Unsound (MA, 82 minutes)
Two very strong performances by a pair of young stars-on-the-rise propel a meaningful story in this small but powerful Aussie film.
When the international tour of famous singer Moniqua (Christine Anu) arrives in Sydney, her guitarist Noah (Reece Noi) ditches the tour to instead spend time with his mother Angela (Paula Duncan).
The pair have some issues to deal with - Angela left Noah in the UK many years earlier after Noah's father walked out on them both.
It isn't helping that Noah has found his dad's old guitar and is carrying it around with him everywhere.
On his wanderings around Sydney's streets, he sees a building lit up like a nightclub and walks in to meets Finn (Yiana Pandelis).
The building is home to a deaf community centre that Finn and his friends occasionally turn into a dance club, which brings them into trouble with their local community and police.
It takes a lot of bass amped up very loud for some of their hearing-impaired members to feel and dance along to the beat.
For Finn and Noah there is an immediate connection and Noah begins coming to the centre during its daytime sessions, learning sign language to better talk with Finn, who only speaks this way.
Initially dubious of Noah's intentions are Finn's friends and his dad Lewis (Todd McKeney), who is worried that Noah is taking on too much with a boyfriend on top of his transition.
There is so much to love about Ian Watson's charming little film, but most of all it is the genuine chemistry between leads Reece Noi and Yiana Pandelis.
Audiences may remember Noi from a few seasons of Game of Thrones.
He looks so young, but has already had a long career including a big run on Grange Hill in the early 2000s.
Yiana Pandelis is a revelation as Finn.
Finn has a few emotional attachments they have to let go of as their transition journey unfolds and Pandelis delicately plays these scenes.
Great screen chemistry doesn't come along that often but these two have it.
I kinda felt like The Grinch at the end of the Dr Seuss book - my heart grew three sizes while I watched this adorable courtship play out on screen.
Ally Burnham's screenplay does sometimes get bogged down in its issues-based narrative, but it is a genuine thrill to see much of the film's dialogue played in Auslan - Australian Sign Language.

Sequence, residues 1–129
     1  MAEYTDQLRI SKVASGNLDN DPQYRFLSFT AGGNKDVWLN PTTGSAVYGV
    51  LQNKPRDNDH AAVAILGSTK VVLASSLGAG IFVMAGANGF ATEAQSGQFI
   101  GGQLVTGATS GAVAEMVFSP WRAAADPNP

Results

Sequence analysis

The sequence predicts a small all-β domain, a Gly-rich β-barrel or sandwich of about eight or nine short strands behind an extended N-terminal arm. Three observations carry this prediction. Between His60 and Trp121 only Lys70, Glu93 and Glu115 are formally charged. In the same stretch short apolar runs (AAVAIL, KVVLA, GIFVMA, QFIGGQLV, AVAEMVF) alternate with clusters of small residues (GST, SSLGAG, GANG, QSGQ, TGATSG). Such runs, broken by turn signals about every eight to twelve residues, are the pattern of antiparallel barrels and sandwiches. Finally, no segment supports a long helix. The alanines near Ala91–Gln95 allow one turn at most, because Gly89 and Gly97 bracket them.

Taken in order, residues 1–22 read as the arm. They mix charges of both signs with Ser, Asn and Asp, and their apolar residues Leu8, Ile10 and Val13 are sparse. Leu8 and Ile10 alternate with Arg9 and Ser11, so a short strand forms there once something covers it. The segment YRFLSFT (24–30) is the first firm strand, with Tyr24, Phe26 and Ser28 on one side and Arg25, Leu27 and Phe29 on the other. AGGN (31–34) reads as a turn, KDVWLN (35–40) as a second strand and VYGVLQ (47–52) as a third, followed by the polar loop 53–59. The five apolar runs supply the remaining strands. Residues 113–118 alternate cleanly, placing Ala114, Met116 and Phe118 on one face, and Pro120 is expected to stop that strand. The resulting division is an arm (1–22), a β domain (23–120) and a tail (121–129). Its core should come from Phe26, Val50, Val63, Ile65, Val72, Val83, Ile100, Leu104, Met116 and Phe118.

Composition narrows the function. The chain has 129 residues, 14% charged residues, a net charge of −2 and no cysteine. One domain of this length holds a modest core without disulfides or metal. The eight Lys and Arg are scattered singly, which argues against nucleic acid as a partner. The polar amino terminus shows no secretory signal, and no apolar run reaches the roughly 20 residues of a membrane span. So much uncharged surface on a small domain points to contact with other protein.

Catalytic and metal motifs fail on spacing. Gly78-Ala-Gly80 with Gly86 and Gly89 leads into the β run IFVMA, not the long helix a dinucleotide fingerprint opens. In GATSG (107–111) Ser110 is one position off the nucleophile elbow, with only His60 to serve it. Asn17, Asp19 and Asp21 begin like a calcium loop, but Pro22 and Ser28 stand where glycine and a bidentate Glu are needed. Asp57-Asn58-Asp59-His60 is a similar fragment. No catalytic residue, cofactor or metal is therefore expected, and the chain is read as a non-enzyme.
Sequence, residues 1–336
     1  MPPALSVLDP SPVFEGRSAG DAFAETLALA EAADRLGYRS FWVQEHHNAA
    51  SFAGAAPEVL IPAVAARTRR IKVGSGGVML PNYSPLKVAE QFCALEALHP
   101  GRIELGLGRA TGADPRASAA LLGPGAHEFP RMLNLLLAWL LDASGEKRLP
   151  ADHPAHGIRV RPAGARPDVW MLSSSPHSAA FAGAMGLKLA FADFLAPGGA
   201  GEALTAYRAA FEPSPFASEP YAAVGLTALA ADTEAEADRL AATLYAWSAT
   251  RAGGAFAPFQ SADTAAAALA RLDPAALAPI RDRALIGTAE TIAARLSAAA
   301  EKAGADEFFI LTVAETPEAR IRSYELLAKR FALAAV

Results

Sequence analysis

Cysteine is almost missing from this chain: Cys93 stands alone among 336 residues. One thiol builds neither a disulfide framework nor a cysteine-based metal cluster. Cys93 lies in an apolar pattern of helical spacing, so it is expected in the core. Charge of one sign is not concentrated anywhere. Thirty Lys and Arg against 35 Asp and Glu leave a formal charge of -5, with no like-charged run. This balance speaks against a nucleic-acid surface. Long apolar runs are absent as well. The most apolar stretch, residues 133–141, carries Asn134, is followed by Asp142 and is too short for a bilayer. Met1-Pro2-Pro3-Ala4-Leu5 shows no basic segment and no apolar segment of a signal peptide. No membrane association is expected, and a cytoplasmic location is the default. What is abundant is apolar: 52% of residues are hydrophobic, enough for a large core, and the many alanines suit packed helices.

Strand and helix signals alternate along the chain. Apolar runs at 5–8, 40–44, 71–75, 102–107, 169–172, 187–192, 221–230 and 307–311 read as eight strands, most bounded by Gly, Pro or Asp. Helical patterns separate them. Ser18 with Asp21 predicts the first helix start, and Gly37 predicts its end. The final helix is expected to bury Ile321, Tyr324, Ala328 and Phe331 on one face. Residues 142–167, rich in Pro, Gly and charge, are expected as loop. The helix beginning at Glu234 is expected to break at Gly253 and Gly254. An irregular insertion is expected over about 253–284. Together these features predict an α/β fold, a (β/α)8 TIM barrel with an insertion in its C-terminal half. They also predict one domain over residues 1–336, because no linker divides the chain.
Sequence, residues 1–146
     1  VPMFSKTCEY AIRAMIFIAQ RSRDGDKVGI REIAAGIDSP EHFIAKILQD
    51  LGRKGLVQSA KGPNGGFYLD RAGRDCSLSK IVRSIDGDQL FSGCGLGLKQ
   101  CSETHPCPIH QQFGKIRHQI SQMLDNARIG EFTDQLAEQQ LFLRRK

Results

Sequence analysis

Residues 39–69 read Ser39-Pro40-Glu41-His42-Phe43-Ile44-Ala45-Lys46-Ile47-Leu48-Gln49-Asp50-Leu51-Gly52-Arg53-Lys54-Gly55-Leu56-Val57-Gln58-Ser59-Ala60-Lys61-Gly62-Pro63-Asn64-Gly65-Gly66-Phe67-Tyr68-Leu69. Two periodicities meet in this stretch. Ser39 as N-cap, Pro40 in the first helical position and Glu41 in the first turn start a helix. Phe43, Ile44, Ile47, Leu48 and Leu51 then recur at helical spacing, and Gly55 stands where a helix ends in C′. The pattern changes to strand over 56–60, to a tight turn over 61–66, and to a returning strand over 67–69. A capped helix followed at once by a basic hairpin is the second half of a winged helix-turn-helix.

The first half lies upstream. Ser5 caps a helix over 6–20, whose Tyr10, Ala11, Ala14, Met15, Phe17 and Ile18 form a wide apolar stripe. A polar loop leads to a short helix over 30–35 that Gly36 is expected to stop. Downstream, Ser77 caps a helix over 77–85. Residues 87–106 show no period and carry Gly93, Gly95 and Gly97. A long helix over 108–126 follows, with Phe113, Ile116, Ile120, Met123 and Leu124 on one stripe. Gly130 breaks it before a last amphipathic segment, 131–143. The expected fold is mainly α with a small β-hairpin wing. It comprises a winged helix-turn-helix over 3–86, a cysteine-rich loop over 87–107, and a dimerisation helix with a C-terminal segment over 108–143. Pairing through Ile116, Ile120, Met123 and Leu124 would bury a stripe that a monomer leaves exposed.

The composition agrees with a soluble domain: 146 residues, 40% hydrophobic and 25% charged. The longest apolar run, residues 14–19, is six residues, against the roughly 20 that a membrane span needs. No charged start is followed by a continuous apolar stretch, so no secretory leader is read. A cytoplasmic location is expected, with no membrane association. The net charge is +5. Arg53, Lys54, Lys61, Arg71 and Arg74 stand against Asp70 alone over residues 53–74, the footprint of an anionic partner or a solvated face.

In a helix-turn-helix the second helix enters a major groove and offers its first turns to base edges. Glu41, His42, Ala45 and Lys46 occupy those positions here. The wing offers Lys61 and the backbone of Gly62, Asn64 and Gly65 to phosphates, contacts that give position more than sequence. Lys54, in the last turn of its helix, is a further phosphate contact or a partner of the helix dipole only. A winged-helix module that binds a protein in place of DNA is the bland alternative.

It can't be often that our hearing-impaired family and friends get to see their stories played out on screen.
Great too to see Paula Duncan on the big screen again as Noah's mother, and I noticed her daughter Jessica Orcsik playing a police constable, making this a family affair.
Christine Anu seems to be ageing in reverse.
She has never looked more beautiful than as the songstress Moniqua who is, I have to say, quite patient with her young and unreliable accompanist.
Anu closes the film with a performance at the Deaf Centre that is both musically lovely and leaves the film on a nicely paced level of energy.
Also among the cast is Terry Serio whose Running on Empty I adored in the mid-80s and whose band provide some of the film's soundtrack.
The MA rating for this film is unfortunate and I think unnecessary.
There is a running gag through the film where Reece's Noi's character, while learning Auslan, makes a repeated mistake and accidentally signs a pretty strong swear word instead of the sign for "love".
It gets the biggest laugh of the film, it's a great gag, but I don't know why that puts it in the same viewing category as films like Silence of the Lambs, Insidious or The Ring.
This is a well-intentioned, well-made and heart-warming little local film that deserves your support at the box office.
It won't have anywhere near the marketing budget of its competitors and so will depend on the positive word-of-mouth to spread the word, or sign, of its value.